BEIRUT: Just under 10 percent of Lebanese women believe a man is justified in beating his wife, according to a U.N.-sponsored report released Thursday, which painted a mixed picture for Lebanon’s progress in key development factors.
The United Nations Development Program’s annual Human Development Report, entitled “Sustaining Human Progress: Reducing Vulnerabilities and Building Resilience,” also concluded that Arab states were improving overall.
“By addressing vulnerabilities, all people may share in development progress, and human development will become increasingly equitable and sustainable,” UNDP Administrator Helen Clark said in a statement.
Aside from the news that 9.7 percent of Lebanese women aged 18-49 believe that a man should be able to physically discipline his wife, the report also showed that Lebanon’s citizens now enjoy an average life expectancy of 80 years, a figure that has improved by 12 years since 1980. Women tend to live to around the age of 82 and men to 78.
Overall, Lebanon’s Human Development Index score is 0.765, ranking it 65th alongside central-American nation Panama out of 187 countries and territories studied.
HDI is a measure of long-term progress in three basic dimensions of human development: a long and healthy life, access to knowledge, and a decent standard of living.
“Lebanon’s 2013 HDI of 0.765 is above the average of 0.735 for countries in the high human development group and above the average of 0.682 for countries in the Arab States. From the Arab States, countries which are close to Lebanon 2013 HDI rank and to some extent in population size are Jordan and Kuwait, which have HDIs ranked 77 and 46 respectively,” the report read.
But the news is not all positive, with Lebanon falling majorly behind in at least one key field: income inequality.
At 30 percent, income inequality in Lebanon is the highest observed in the Middle East. When adjusted to take into account this factor, Lebanon’s HDI score drops to 0.606.
Lebanon is also ranked 80th out of 149 countries in the Gender Inequality index. Lebanon does not grant women the right to pass on citizenship, only 20.8 percent of women in Lebanon participate in the workforce. Despite this, there is only a 0.1 percent difference between the number of men and women who have achieved a secondary level of education.
Regionally, development is impressive, said the report, especially considering recent tumultuous developments that have spread throughout the Middle East and fomented unrest in a number of states.
Syria is plagued by a bloody civil war, Iraq is struggling to deal with an Islamist insurgency, Egypt has had long periods of civil unrest marked by violent clashes, and Lebanon has been hit by a spate of suicide bombings.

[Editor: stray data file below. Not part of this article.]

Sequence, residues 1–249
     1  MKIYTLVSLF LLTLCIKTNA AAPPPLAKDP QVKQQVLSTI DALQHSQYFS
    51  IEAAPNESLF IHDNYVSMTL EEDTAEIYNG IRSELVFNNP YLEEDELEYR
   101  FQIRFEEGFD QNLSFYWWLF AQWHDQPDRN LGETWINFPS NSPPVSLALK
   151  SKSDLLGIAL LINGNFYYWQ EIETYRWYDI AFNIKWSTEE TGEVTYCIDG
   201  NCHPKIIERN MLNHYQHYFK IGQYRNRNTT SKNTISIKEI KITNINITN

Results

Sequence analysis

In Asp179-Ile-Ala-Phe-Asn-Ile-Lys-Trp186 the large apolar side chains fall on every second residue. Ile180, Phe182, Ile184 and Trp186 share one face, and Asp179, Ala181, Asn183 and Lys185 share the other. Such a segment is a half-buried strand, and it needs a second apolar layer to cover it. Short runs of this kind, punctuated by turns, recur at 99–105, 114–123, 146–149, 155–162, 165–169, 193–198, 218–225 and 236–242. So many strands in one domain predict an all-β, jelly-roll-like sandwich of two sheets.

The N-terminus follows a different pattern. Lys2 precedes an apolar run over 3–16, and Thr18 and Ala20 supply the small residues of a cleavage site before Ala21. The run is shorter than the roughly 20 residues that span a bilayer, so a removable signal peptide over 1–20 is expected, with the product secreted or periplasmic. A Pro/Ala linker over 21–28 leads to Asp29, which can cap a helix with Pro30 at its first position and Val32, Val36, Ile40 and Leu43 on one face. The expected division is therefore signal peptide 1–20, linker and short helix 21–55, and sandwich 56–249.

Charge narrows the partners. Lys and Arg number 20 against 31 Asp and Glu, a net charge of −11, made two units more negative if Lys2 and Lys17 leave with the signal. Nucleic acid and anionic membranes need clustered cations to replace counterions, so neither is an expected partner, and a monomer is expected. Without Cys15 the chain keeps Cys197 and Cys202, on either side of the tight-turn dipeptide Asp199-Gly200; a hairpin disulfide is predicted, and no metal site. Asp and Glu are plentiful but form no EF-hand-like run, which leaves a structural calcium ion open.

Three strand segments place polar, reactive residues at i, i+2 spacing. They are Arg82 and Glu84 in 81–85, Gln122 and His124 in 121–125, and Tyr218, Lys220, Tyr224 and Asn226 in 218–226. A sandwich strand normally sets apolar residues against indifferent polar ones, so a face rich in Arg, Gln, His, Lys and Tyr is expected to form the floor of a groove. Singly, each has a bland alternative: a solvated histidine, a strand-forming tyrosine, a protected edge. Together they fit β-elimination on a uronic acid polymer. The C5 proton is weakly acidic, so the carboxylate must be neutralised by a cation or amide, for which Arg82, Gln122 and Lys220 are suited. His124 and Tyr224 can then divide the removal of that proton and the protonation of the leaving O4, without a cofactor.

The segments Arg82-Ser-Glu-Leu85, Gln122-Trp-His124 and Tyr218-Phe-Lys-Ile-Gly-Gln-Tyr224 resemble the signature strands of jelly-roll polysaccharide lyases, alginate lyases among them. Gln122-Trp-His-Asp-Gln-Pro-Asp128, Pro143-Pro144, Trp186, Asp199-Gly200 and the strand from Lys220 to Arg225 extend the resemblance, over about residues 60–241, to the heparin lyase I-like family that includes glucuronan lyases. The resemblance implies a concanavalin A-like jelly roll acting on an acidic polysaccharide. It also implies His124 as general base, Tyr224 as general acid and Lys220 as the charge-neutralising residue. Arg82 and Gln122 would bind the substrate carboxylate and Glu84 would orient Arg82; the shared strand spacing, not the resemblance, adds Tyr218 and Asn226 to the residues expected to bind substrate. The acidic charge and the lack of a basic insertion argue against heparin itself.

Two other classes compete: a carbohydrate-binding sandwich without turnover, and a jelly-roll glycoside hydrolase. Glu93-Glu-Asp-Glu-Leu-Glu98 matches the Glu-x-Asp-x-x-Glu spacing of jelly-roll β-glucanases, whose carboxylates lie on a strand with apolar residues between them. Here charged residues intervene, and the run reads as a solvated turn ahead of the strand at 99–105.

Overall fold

The region is also home to a number of refugees, – particularly from Palestine, Iraq and Syria – people that “often live in poverty without access to public services such as basic health care and education. Such deprivations can cause lasting health problems, including mental health complications and contribute to lost livelihoods, undermining long-term capabilities.”
Lebanon has been the country most significantly burdened by refugee populations, specifically from the Syrian crisis, with over 1 million registered refugees currently residing here.
The Social Affairs Ministry and other ministries have had to spend large amounts of money on the refugee crisis, sometimes causing other developmental projects to be placed lower down the totem pole of priorities.
Sudan, a country that has been beset by war among a myriad of other problems, is at the farthest end of the human development spectrum, and ranks lowest in the region.
Some countries in the Middle East, however, are enjoying peaceful and prosperous times that are causing their HDI score to shoot skyward. Qatar leads the region in terms of human development, likely due to its decision to invest its oil wealth in institutions and educational programs that benefit its citizens.
The Middle East was also found to have a per capita income that is 15 percent higher than the world average, though that is likely increased by countries like Kuwait.
Regional education inequality on the other hand falls well below the global average, and domestic violence approval was high, with some 90 percent of women in Jordan saying it was OK for a husband to beat his wife to discipline her.
“Youth is opportunity, history has proven this,” Sima Bahous, UNDP Director for the Regional Bureau for Arab States, said in the press release for the report.
“Indeed, it is precisely at this point in the demographic arc, when the proportion of young people reaches a peak that regions and countries around the world have achieved positive transformational change,” she added.